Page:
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My sample code to define and fill up then output an (Integer) IOArray:

{-# OPTIONS_GHC -O2 #-}
{-# LANGUAGE BangPatterns #-}

import Data.Array
import Data.Array.IO

for_ xs f =  mapM_ f xs

a_size = 10000 :: Int

main :: IO()
main = do 
      a <- newArray (0,a_size-1) 1 :: IO (IOArray Int Integer)
      for_ [3,4..(a_size-1)] $ \i -> do -- generate the a array
         t1 <- readArray a (i-3)
         t2 <- readArray a (i-2)
         t3 <- readArray a (i-1)
         writeArray a i (4*t1+t2+2*t3)
      for_ [0,1..(a_size-1)] $ \i -> do -- print the terms of array
         temp <- readArray a i
         print(temp)
      return()

Obviously my real code is longer to compute (another) 'a' Integer array. I would like to speedup the output section using bytestring, but don't know how to do it.

share|improve this question
    
First of all, import Control.Monad (forM_). Secondly, how do you know that outputting is what is taking a long time? Have you run a profiler? What if you collected all of the values to print and then printed them all at once? Do you need the array to contain Integer values or can you use Int or possibly an unboxed Int? –  bheklilr Mar 10 '14 at 17:53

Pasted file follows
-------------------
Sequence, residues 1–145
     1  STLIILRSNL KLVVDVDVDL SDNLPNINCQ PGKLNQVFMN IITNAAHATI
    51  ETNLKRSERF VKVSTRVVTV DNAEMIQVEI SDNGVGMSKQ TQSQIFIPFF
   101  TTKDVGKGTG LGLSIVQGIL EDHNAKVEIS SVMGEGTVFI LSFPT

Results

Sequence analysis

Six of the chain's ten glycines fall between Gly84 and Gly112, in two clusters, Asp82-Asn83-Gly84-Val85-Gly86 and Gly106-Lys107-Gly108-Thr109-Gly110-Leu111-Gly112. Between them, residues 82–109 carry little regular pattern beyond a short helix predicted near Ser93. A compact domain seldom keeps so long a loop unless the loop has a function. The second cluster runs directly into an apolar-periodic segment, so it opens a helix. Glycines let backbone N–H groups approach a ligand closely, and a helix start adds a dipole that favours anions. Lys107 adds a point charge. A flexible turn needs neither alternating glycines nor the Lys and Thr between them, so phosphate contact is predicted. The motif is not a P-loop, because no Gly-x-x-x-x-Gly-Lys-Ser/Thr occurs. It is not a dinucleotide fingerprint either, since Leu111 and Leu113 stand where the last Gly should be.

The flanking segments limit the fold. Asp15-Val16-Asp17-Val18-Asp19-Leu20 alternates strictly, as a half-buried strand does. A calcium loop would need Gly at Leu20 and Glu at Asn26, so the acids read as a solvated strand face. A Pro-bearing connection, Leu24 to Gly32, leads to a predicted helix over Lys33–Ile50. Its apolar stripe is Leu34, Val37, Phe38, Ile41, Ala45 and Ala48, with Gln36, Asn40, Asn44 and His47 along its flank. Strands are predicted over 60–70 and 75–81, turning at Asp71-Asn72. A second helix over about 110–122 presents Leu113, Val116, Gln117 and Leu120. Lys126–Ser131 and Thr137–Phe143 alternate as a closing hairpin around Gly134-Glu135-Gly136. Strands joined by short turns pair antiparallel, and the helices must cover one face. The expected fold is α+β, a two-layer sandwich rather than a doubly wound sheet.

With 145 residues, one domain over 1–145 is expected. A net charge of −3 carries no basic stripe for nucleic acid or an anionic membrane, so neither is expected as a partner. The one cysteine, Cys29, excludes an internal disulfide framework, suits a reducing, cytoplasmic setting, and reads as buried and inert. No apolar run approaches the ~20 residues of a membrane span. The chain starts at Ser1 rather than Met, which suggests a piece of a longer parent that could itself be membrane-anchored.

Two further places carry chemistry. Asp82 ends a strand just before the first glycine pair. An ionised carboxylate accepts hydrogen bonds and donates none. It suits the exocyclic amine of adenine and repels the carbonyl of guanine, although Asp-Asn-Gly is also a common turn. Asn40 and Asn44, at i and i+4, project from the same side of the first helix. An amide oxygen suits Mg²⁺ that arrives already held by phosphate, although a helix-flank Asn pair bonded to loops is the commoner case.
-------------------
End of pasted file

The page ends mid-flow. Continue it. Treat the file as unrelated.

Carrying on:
I'm pretty sure that the main bottleneck is just that it takes time to print that many characters to the screen, regardless of the string representation. You may consider writing to a file instead of the screen, particularly when you have this many values. You're more likely to get a higher write speed than to stdout, depending on your harddrive. Even still, 10000 values, most of which are hundreds of digits, will take up several megabytes, you'll have a noticeable write time no matter what. –  bheklilr Mar 10 '14 at 18:36
    
The numbers are pretty big, so (not counting very few) will not fit in Int type. My experience shows that the input/output with bytestring is roughly 6-7 times faster, see the sample solution in haskell using bytestring: mukeshiiitm.wordpress.com/2011/05/31/… this gets AC, but with an easy approach (without bytestring) solves only the tutorial problem at spoj.com/problems/TMUL but is unable to get ac for spoj.com/problems/MUL. But on that weblog the sample codes are different what I would like to see. –  Szabo Balazs Mar 10 '14 at 19:29
1  
Just figured out: BS.putStrLn ( BS.pack.show $ a ) this output a single integer, the bad news is that it gives the same poor performance what we can reach with only print on spoj.com/problems/TMUL . OK, this code is different from the long BS.interact $ BS.unlines . map ( solve . map readInteger . BS.words ) . tail . BS.lines But I really don't see why this is roughly 6 times faster than my shorter code (or print) what is also using ByteStrings. –  Szabo Balazs Mar 11 '14 at 1:55

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